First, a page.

Category Archives: Staples HS

Sam Appel’s Alice B. Toklas Connection

As a child, Sam Appel created “menus” of cereal and yogurt for her parents — and asked them to pay for their meals.

At Staples High School, she took every culinary class she could. She served as a teaching assistant for instructor Cecily Gans; worked at her summer cooking camp; helped with her catering jobs, and assisted on a cookbook.

Sam was drawn to Chef Gans’ “personality, artistry, and beautiful food.”

She was similarly inspired by English teacher Gus Young. He introduced her to the “art and magic” of food writing.

Not surprisingly, Sam’s college application essay was about food writing.

She had thought about culinary schools. But when she discovered Cornell’s School of Hotel Administration — with its focus on hospitality — she realized that the business side of food was as intriguing as cooking it.

Sam Appel

After graduating from Cornell in 2010, she joined restaurant software company Avero as a consultant. Last May she moved to a marketing position with Chipotle. (Her territory includes Westport — so, coincidentally, she’s involved with their soon-to-be-opened restaurant here.)

Sam loves her job. But she’s just as passionate about the Toklas Society. Named for the legendary cookbook author/creative salon hostess Alice B. Toklas, the 2-year-old nonprofit provides opportunities for empowerment, networking and professional growth to women in the (traditionally male-dominated) food and hospitality industry.

As director of communications, Sam hears plenty of stories about — and is inspired by — female chefs and entrepreneurs.

The Toklas Society has just partnered with Food & Wine Magazine. The prestigious publication and Toklas will feature leaders and rising stars in the food and beverage worlds (on Twitter, follow #foodwinewomen).

Sam Appel is proud that she can support talented women in an industry she loves. She is equally proud that her passion was stirred by 2 key people — Chef Cecily Gans, and English teacher Gus Young — a decade ago at Staples High School.

 

 

Petey Menz’s Hasty Pudding

Wikipedia calls Hasty Pudding “a theatrical student society at Harvard University, known for its burlesque cross-dressing musicals.” They were described by John Wheelwright in 1897 as “a kindly association of men of all ages in a gay evening of simple enjoyment.”

The meaning of “gay” has changed a bit since then. Hasty Pudding has not.

Presented annually since 1844 — except during 3 war years — the comedy productions still feature exactly 12 male performers (6 play men; the other 6 play women). There is a live pit orchestra, but no computers or synthesizers. The plots are silly, the jokes crude, the production values low, the puns anachronistic and sophomoric.

A typical Hasty Pudding show.

A typical Hasty Pudding show. Those guys are lookin’ good!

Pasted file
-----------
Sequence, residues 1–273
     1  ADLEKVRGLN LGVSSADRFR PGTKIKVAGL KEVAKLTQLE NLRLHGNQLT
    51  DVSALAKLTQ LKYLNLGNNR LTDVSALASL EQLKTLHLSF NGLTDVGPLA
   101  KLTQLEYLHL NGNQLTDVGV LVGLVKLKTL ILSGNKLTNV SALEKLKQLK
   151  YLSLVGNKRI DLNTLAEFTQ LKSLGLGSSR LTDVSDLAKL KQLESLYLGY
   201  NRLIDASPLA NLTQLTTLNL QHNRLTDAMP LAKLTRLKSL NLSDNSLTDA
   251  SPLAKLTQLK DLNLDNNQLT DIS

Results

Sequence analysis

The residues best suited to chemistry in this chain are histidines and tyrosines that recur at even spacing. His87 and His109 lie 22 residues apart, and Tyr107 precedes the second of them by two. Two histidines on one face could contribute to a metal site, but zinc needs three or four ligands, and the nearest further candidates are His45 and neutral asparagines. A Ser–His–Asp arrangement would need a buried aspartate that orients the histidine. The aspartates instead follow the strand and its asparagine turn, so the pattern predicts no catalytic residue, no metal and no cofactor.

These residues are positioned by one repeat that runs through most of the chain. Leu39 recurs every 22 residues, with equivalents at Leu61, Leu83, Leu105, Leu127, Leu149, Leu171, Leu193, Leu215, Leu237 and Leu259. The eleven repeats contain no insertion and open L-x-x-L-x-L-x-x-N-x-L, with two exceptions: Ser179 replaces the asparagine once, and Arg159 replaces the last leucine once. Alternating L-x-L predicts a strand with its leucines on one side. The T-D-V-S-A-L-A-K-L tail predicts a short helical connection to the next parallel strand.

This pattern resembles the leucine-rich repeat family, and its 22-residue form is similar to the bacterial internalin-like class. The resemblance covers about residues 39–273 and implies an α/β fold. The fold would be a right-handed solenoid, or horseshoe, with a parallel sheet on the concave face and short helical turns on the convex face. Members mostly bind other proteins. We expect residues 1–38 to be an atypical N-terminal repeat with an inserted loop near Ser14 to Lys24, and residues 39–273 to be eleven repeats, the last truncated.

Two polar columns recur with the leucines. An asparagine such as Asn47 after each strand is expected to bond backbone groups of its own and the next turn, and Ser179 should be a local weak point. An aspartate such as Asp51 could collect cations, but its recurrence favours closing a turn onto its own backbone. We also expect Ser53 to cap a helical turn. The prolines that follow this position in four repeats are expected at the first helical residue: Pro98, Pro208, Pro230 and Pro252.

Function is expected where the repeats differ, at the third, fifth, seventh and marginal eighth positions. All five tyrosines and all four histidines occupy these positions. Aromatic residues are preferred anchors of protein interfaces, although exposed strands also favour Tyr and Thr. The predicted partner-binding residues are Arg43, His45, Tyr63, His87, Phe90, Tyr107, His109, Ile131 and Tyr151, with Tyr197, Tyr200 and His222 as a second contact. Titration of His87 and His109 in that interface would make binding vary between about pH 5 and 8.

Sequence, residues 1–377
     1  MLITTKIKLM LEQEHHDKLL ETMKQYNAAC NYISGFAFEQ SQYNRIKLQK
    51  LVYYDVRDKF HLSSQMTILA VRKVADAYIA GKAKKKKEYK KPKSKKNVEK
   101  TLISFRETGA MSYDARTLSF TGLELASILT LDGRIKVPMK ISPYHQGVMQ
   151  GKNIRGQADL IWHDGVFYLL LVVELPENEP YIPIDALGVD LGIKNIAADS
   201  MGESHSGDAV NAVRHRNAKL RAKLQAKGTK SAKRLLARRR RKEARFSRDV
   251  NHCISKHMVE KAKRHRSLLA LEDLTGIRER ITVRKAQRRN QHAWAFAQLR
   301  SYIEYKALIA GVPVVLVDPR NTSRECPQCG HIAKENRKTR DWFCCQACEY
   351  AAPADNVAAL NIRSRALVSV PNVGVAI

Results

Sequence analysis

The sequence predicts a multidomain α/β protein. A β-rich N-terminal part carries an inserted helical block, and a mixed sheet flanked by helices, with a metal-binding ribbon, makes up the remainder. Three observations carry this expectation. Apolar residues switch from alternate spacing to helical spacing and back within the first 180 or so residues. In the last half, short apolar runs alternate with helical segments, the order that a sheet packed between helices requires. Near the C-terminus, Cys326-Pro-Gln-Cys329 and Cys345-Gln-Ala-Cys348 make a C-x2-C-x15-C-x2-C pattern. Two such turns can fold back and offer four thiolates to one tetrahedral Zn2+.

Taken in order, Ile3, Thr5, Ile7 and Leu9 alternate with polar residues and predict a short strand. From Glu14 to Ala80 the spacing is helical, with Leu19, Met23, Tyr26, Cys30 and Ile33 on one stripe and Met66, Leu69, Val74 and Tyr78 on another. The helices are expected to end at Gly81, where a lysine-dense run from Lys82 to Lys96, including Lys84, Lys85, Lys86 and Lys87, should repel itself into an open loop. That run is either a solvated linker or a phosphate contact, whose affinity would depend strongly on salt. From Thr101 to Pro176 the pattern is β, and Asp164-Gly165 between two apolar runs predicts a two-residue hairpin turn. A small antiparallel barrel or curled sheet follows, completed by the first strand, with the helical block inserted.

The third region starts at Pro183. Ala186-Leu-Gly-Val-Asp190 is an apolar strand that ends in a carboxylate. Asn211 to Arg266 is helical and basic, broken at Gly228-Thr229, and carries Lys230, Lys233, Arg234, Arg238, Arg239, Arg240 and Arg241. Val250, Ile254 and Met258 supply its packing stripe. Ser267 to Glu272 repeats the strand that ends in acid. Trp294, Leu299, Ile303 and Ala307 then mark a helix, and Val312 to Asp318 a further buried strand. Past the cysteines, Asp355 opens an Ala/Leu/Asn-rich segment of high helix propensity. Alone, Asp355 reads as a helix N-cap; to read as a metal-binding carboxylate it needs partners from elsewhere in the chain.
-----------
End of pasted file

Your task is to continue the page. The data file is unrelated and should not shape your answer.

But it worked for Hasty Pudding members of yore like Theodore and Franklin Roosevelt, J.P. Morgan, Oliver Wendell Holmes, William Randolph Hearst, Alan Jay Learner and Jack Lemmon.

And writing the Hasty Pudding show helped launch the careers of — more recently — comedian Mo Rocca, librettist Mark O’Donnell (“Hairspray”), and Rashida Jones (“Parks and Recreation,” “The Office,” “Boston Public”).

Petey Menz hopes some of that magic fairy dust rubs off on him.

The 2011 Staples graduate is co-writing the 2015 Hasty Pudding show. In a rare exhibition of burlesque cross-dressing musical genius, he also helped pen last year’s production.

Petey Menz

Petey Menz

The 2nd and 3rd times were the charm for Petey and his freshman roommates. They entered the writing competition as a lark that 1st year. “We didn’t know what we were doing,” he recalls. “But it was fun.”

Harvard students are smart. So Petey and his pals figured out what they needed to do to succeed. In the summer of 2013 they were chosen to write the 2014 show. Last year, they were picked again.

Yeah, it takes that long to write — then produce — the show.

It’s not your average theatrical production. There are 30 or so dates in Cambridge (this year’s opening is February 6). Then it goes on the road, for more performances in New York and (I”m sure there’s a reason for this) Bermuda.

“There’s a lot of spitballing in the beginning,” Petey says of the writing process. (The term refers to brainstorming, not the juvenile game that may seem appropriate to a Hasty Pudding production.)

Eventually, Petey’s team came up with the settings: Victorian England last year, medieval Spain this time. Then they had to create scenes (making sure each character had equal stage time — another tradition), write lyrics, and make sure it was all appropriately sophomorically funny.

The bulk of the work is done during the summer. Because Petey and his co-writers were all in different places, they communicated via Skype and Google Hangouts. (I don’t think that’s the way it was done in 1844.)

Hasty pudding logo

The Hasty Pudding logo

It’s a “self-consciously antique form of theater,” Petey admits. “This is one of the last institutions in the world to do theatrical drag shows. But it’s fun to to beef up what started as a skeletal scene, and it’s rewarding to see that jokes you’ve fine-tuned actually get laughs.”